Whooping Cough Vaccine Not as Effective as Thought and Spreads Through Those Vaccinated

Children Vaccination

Story at-a-glance -

  • Twenty-six students at a Florida preschool contracted whooping cough even though the majority of the students were fully vaccinated against it, according to the CDC’s recommended schedule
  • In one particular classroom in which all students had received the pertussis vaccine, 50 percent still developed whopping cough
  • Health officials in the area expressed concern that the vaccine is not protecting children as it should be and suggested its protection lasts only two to three years

By Dr. Mercola

When making the choice to receive a vaccination, for yourself or your child, you probably do so under the assumption that the vaccine is going to protect you from that particular disease.

Most do not even question this assumption, because they think, well, why would the medical establishment give out, and U.S. health officials promote, vaccines that don't work?

This is, however, a question deserving of an answer, especially in light of increasing evidence that some vaccines do not work as intended or advertised.

This is particularly the case with the whooping cough (pertussis) vaccine, which is typically given to children as part of the DTaP (diphtheria, tetanus, and acellular pertussis) shot.

Up to Half of Vaccinated Preschoolers Were Infected With Whooping Cough

The U.S. Centers for Disease Control and Prevention (CDC) recently featured an article in Emerging Infectious Diseases that highlighted the transmission of whooping cough among vaccinated children.1

The outbreak occurred at a Tallahassee, Florida preschool in 2013. Twenty-six students between the ages of 1 and 5 contracted whooping cough, as did two staff and 11 family members. The majority of the students were fully vaccinated against whooping cough according to the CDC's recommended schedule.

In one particular classroom in which all students had received the pertussis vaccine, 50 percent still developed whopping cough. Cases of whooping cough have been on the rise, increasing six-fold from 2000 to 2012. Some believe the increase may be due to vaccine failure.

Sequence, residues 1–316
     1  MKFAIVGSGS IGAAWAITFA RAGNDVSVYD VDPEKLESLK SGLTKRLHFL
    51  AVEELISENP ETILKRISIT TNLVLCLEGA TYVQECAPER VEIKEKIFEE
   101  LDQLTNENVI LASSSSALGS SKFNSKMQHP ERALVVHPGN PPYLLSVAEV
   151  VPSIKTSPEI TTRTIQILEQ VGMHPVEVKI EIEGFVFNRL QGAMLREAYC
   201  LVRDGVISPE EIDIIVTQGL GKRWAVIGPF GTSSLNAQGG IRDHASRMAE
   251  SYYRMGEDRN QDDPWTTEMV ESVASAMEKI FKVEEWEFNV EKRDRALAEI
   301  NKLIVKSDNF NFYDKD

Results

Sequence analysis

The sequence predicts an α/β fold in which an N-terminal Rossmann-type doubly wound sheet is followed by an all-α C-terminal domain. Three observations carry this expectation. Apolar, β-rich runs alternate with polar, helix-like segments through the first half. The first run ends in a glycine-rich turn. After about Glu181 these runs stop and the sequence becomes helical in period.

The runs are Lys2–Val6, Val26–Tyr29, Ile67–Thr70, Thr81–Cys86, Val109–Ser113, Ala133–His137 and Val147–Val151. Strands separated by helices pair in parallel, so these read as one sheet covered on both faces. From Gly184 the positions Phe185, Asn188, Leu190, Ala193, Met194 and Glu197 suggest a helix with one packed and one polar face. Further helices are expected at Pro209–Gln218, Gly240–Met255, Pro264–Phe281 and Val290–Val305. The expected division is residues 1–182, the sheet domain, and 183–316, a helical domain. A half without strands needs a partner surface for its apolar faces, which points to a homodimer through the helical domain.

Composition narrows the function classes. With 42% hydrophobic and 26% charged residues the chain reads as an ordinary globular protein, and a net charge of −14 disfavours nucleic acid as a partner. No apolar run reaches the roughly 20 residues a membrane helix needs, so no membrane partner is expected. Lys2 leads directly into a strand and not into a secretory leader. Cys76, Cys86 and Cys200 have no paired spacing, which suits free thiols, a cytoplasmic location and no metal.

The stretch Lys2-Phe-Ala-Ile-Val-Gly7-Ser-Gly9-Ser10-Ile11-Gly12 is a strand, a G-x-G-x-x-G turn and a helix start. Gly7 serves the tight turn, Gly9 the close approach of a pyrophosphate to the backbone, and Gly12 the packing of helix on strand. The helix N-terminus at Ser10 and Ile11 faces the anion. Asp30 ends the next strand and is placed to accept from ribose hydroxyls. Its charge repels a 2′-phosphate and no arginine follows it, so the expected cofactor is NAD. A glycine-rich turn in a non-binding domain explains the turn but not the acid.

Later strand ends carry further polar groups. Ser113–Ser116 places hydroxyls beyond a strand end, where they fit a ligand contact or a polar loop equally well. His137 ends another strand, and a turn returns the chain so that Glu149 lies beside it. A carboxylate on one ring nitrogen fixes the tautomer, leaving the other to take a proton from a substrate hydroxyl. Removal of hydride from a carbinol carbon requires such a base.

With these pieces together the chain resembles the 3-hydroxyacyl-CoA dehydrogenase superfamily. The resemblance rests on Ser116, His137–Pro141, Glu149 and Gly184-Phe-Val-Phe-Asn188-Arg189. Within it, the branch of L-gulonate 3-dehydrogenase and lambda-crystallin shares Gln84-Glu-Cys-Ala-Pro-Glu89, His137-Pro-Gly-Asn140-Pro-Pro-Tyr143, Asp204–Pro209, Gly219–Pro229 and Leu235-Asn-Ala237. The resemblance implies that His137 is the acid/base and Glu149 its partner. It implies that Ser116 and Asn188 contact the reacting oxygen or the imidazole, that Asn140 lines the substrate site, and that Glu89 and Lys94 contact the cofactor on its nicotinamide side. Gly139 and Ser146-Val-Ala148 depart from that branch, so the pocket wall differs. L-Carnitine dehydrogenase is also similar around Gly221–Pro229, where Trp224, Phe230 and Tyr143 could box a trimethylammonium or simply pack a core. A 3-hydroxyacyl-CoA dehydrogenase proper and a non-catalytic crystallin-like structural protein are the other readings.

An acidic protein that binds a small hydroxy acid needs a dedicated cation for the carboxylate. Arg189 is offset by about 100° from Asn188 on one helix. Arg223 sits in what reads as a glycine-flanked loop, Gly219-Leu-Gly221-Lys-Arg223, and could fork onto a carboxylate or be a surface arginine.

In fact, the highest rates of infection in the preschool outbreak occurred in the 3-year-old age group, which supports the notion of waning immunity.

The DTaP vaccine is typically given at 2, 4, and 6 months of age, again between 15 and 18 months, and a booster is recommended between ages 4 and 6.2 The authors noted:3

"This outbreak raises concerns about vaccine effectiveness in this preschool age group and reinforces the idea that recent pertussis vaccination should not dissuade physicians from diagnosing, testing or treating persons with compatible illness for pertussis.

… Reports of genetic changes in circulating B. pertussis have raised concern that this organism could be adapting to vaccine-induced immunity …

Given these reports and the increased levels of circulation of pertussis among older age groups with documented waning of immunity, further monitoring of acellular pertussis vaccine performance in preschool-age children is necessary to determine if this outbreak was an isolated finding or possibly identification of an emerging epidemiologic trend."

California Whooping Cough Outbreak Also Occurred Among a Highly Vaccinated Community

In 2014, a whooping cough outbreak spread through Elk Grove, California, a community in which all but 80 of the suburb's 4,500 kindergartners were vaccinated. Even still, the county had rates of whooping cough that were up to five times higher than surrounding areas.4